This article explains Donald Super’s Life Career Rainbow in a practical way. After reading it, you will understand the basics of this powerful Personal Happiness and motivation theory.
What is Donald Super’s Life Career Rainbow?
The American psychologist Donald E. Super developed innovative ideas on life planning within career development.
In 1980, he introduced the Life Career Rainbow; the theory that describes career development in terms of life stages and life roles. The 1957 book ‘the psychology of careers’ was the basis for this. The development of careers was a new phenomenon in the 1950s.
Until then people just worked at an organisation, and it was unusual for people to be concerned with career plans and future personal development. Based on the vision of human relations theory, which came to the fore in the early sixties, it did fit to have more attention for individual employees.
According to Donald Super, it’s vital that there is a good balance between work and private life; the so-called ‘work-life balance’. Every person plays different roles and also goes through various stages of life. This also affects their career.
These changes affect the demands that people place themselves and their work. When the different roles in one’s life collide, it can lead to stressful situations. That’s why there is value in people being able to examine their own core interests and attach a certain importance to this.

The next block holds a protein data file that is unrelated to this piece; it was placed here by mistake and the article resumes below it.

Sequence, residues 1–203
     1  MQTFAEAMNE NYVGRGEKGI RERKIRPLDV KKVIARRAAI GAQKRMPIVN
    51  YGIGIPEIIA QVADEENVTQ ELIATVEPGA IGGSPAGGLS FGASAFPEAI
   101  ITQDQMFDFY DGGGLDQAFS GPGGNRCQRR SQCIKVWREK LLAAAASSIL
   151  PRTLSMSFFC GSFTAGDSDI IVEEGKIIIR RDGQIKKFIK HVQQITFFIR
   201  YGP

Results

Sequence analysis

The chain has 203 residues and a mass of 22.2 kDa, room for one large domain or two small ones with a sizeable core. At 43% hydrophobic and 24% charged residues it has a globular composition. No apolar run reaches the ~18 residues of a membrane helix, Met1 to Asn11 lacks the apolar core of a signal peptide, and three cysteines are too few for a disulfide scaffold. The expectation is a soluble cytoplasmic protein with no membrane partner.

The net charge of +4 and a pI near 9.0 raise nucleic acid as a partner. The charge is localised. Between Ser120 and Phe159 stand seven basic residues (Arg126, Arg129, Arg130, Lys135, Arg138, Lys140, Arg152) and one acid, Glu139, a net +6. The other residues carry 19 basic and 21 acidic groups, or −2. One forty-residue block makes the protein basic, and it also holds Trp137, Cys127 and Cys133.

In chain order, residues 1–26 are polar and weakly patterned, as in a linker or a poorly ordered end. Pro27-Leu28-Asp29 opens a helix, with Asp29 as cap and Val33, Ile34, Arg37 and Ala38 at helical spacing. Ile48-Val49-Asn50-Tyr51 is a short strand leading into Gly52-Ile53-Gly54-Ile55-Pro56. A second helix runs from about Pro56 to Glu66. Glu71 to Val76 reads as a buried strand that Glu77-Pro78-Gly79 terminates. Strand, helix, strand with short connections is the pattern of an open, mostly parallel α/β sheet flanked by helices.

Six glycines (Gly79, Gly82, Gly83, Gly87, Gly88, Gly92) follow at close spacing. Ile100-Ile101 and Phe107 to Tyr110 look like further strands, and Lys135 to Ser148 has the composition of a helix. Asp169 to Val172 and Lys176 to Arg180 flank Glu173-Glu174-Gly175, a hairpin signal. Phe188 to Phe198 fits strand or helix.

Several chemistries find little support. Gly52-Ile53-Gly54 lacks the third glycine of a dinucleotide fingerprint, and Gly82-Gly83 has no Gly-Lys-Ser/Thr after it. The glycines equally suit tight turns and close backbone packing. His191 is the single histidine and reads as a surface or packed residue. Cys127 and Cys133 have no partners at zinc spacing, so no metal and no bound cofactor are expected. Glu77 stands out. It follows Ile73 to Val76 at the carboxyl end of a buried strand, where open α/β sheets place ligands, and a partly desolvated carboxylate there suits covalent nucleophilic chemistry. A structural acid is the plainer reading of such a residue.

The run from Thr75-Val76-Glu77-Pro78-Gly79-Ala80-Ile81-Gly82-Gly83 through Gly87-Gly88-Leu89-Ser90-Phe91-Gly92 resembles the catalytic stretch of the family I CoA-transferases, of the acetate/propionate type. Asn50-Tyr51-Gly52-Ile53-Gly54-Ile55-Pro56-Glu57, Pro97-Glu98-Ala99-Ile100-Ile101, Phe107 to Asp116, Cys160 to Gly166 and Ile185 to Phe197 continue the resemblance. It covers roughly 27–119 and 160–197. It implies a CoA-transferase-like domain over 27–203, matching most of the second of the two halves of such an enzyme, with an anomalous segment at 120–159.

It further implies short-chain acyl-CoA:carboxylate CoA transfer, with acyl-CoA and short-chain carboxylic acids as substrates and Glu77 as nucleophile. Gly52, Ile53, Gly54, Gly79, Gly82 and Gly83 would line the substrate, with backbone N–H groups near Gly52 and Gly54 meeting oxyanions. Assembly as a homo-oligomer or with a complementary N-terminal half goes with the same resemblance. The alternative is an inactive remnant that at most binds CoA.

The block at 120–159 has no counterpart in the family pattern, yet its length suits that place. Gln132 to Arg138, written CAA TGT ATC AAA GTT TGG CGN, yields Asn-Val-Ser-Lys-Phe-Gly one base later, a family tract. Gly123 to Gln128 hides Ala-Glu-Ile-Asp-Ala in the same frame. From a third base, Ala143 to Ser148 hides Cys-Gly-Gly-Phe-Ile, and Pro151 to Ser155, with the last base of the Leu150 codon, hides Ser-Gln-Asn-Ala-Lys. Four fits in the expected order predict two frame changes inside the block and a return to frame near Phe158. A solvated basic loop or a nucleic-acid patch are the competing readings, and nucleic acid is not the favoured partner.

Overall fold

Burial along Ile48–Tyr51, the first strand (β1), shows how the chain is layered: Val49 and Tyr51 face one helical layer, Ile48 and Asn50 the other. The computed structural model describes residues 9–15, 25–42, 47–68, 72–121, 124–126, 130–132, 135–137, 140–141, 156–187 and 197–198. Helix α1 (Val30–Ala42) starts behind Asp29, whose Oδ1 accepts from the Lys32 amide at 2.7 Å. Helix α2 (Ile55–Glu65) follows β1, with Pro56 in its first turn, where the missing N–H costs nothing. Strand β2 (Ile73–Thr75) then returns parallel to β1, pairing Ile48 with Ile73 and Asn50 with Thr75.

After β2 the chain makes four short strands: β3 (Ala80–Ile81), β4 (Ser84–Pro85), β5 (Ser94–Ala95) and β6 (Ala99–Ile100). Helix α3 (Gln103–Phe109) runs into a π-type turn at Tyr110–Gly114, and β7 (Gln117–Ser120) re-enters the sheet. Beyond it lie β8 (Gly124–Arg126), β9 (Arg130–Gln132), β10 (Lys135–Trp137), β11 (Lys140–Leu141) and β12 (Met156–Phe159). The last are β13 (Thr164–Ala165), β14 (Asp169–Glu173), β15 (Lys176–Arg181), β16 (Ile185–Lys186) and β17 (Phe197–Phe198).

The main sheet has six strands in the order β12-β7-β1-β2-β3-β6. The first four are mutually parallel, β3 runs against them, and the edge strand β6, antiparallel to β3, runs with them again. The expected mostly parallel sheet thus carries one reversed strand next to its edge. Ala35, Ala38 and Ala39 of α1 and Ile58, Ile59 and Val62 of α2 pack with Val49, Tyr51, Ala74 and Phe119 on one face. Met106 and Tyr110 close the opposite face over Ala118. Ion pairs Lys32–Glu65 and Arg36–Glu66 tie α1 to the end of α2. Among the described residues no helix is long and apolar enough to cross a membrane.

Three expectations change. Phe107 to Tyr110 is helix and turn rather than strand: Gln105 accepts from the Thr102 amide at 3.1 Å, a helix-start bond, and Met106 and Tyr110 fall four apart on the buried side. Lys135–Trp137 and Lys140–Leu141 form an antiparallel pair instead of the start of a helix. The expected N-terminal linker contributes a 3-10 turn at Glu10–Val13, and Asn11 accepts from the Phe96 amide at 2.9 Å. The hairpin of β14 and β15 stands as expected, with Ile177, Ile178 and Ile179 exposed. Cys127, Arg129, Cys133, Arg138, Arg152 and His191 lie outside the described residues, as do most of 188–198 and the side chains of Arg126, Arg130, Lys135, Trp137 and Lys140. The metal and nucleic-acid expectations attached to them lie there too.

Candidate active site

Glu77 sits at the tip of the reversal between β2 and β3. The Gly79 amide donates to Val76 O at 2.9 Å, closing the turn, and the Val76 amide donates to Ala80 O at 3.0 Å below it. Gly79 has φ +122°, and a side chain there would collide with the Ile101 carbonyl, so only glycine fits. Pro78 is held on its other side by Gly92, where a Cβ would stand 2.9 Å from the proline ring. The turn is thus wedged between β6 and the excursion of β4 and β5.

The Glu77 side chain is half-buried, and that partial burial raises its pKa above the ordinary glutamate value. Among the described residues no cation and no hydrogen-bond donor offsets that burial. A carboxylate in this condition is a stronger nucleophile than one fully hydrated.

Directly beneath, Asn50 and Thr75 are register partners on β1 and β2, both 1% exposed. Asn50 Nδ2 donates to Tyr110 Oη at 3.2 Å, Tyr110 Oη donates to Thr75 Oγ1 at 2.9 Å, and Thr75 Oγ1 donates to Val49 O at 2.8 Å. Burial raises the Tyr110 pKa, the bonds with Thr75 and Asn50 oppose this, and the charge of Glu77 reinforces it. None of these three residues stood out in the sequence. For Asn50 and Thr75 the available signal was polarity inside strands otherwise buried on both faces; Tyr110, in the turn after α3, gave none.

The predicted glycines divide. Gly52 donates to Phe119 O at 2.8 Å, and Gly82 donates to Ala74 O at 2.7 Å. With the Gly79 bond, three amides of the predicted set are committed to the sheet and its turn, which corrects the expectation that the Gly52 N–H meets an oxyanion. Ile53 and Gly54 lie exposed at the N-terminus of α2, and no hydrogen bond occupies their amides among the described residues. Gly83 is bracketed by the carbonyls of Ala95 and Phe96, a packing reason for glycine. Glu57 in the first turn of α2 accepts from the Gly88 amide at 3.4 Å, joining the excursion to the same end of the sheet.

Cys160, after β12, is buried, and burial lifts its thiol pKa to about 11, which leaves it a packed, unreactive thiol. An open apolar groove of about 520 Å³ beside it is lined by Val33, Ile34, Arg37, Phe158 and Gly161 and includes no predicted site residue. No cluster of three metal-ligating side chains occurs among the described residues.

According to Donald Super, a life structure is not static, but rather dynamic and always in development. With his Life Career Rainbow, he embraces this fact and makes people think about the different roles they play at different moments in life.
The Life Career Rainbow is a visual model that reflects a rainbow. The life roles are shown in the coloured stripes of the rainbow. The age is written with numbers under these stripes. The size of the dots in the coloured stripes indicate the time that takes a life role up:
Outer edge of the rainbow
This indicates the life cycle of career development. It starts at the bottom left and runs chronologically to the right up to a maximum of 5 years in the future.
Above and in the middle of the rainbow
This describes the situation in which someone is in, such as socioeconomic status, background, history and other activities that can influence the role of life.
Under and in the middle of the rainbow
Here are the factors that influence personal development, such as psychological and biological factors.